Michael Kors is taking its battle against counterfeits to the flea markets. Three defendants are being taken to task for the operation of a flea market with a reputation for being a haven for illegal fashion knockoffs, including infringing and counterfeit Michael Kors products. The topic is one of the key areas of concerned featuring in the forthcoming Luxury Law Summit New York.
In a complaint filed in a federal court in Connecticut CGC Enterprises Inc, Charles Cheslock, Digsny, Taylor & Hobbes LLC, and Richard Lebov are in the fashion giant’s crosshairs. In Michael Kors, LLC v. Cheslock et al, 3:19-cv-01364 (D. Conn.), counsel for Michael Kors alleges that the defendants have run The Boulevard flea market has been selling counterfeit goods for “over 20 years,” and the defendants had knowledge of such sales. Counsel cites the 1996 arrest and conviction of Boulevard-occupant Abdallah Saad Ibrahim for selling counterfeit goods at the flea market as proof. Since then, the complaint states, the defendants have failed to take action to prevent widespread sales of MK-branded fakes. The defendants are not offering fake products for sale themselves, but it is claimed they fall foul of contributory trademark counterfeiting, infringement, and dilution, and unfair competition, nonetheless. The claim states, “Despite their general and specific knowledge of the ongoing illegal counterfeiting activity at the flea market, the defendants have turned a blind eye to the activities of the [counterfeit sellers] and created a safe haven and marketplace for which counterfeit Michael Kors merchandize has been and continues to be sold,” and “the defendants have lined their pockets with the [counterfeit sellers’] rent money and continue to stick their heads in the sand when it comes to the source of said rent money, which are the proceeds of illegal activities.”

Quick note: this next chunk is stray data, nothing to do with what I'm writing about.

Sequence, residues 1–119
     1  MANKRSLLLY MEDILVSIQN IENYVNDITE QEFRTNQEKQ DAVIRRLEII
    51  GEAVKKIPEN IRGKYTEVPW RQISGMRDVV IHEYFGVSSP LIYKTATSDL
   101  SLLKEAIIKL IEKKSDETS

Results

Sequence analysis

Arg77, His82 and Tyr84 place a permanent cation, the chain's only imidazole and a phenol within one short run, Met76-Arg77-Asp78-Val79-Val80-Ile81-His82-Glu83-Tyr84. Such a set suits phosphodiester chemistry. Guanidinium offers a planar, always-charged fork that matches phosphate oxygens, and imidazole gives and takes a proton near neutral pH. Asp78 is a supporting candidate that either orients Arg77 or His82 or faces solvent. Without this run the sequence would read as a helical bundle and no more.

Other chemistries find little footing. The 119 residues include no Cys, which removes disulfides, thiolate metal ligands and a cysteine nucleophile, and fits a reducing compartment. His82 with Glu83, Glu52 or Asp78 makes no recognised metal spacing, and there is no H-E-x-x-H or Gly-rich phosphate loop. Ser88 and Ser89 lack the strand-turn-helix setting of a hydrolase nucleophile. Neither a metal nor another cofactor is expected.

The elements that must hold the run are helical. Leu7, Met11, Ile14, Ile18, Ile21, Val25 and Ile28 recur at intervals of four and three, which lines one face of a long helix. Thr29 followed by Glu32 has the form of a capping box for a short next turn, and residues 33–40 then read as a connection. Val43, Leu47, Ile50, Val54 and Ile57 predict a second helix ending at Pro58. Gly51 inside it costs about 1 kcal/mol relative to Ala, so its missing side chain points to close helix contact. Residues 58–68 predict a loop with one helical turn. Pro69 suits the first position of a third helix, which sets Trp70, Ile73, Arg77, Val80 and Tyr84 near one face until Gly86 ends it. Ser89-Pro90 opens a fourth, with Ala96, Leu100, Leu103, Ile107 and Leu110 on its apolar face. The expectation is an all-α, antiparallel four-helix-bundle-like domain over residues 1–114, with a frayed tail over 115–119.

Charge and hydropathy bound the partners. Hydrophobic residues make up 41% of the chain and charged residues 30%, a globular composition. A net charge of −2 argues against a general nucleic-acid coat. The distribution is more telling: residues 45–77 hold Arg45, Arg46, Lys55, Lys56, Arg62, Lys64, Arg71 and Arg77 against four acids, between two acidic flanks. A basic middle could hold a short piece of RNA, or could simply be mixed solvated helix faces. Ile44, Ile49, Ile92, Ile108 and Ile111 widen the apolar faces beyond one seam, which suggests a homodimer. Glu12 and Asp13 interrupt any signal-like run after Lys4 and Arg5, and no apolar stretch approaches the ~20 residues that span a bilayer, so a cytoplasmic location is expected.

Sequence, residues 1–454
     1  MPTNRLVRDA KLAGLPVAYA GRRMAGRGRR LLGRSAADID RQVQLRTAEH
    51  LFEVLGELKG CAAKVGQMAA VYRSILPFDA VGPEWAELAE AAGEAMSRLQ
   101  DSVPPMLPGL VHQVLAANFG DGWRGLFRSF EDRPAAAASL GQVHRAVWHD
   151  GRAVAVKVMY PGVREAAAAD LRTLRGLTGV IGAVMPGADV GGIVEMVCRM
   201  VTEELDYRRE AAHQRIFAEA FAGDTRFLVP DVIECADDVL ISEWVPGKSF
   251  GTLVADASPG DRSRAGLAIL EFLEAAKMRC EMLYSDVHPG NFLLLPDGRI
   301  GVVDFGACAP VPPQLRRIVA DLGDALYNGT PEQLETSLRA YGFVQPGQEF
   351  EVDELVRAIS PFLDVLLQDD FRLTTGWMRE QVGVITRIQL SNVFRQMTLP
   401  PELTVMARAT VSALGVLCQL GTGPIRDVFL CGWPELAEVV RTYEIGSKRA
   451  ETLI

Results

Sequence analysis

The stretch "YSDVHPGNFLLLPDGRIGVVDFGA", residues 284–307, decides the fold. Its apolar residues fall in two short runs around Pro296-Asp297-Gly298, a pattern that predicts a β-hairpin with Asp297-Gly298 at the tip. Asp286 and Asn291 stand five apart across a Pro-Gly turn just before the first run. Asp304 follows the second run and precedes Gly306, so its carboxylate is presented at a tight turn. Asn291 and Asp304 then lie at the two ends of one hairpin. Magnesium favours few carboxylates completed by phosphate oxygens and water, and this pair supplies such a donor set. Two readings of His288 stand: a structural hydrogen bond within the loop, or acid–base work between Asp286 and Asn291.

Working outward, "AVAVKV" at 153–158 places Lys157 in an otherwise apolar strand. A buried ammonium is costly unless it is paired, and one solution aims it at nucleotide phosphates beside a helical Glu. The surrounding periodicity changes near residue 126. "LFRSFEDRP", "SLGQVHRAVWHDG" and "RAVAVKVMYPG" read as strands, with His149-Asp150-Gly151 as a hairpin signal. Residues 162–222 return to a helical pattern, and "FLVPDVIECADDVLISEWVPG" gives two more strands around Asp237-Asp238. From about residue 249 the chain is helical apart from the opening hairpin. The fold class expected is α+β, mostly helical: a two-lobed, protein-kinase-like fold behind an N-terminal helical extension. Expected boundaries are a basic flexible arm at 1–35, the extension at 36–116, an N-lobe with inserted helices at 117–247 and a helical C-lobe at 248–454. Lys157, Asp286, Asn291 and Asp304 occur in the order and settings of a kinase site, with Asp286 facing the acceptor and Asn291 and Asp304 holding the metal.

Focus on counterfeiting
Following the phenomenal success of the first Luxury Law Summit in the USA, the Summit returns to New York on 13 November 2019. At a time when geopolitics is creating unprecedented instability, when consumers’ understanding and definition of “luxury” is forcing luxury businesses to innovate, and when technology continues to drive change, the 2019 New York Summit agenda provides essential insights into the developing opportunities and challenges for luxury brands. One chief focus is counterfeiting. In ‘Counterfeiting Matters: How to protect your business in Canada and the US,’ recent developments in US and Canadian law impacting the ability to limit the flow of counterfeit products and grey goods in the luxury goods space are discussed by Louis Ederer, partner at Arnold & Porter, and Michelle Nelles, Counsel at Torys. In ‘Counterfeiting Matters: How to protect your business in China,’ discussion turns to the latest requirements for brands when doing business in China including new China IP laws and processes, with contributions from Jason Drangel, partner and Ashly Sands, both partners at Epstein Drangel. For further information on the event, please email email@example.com or go to www.luxurylawsummit.com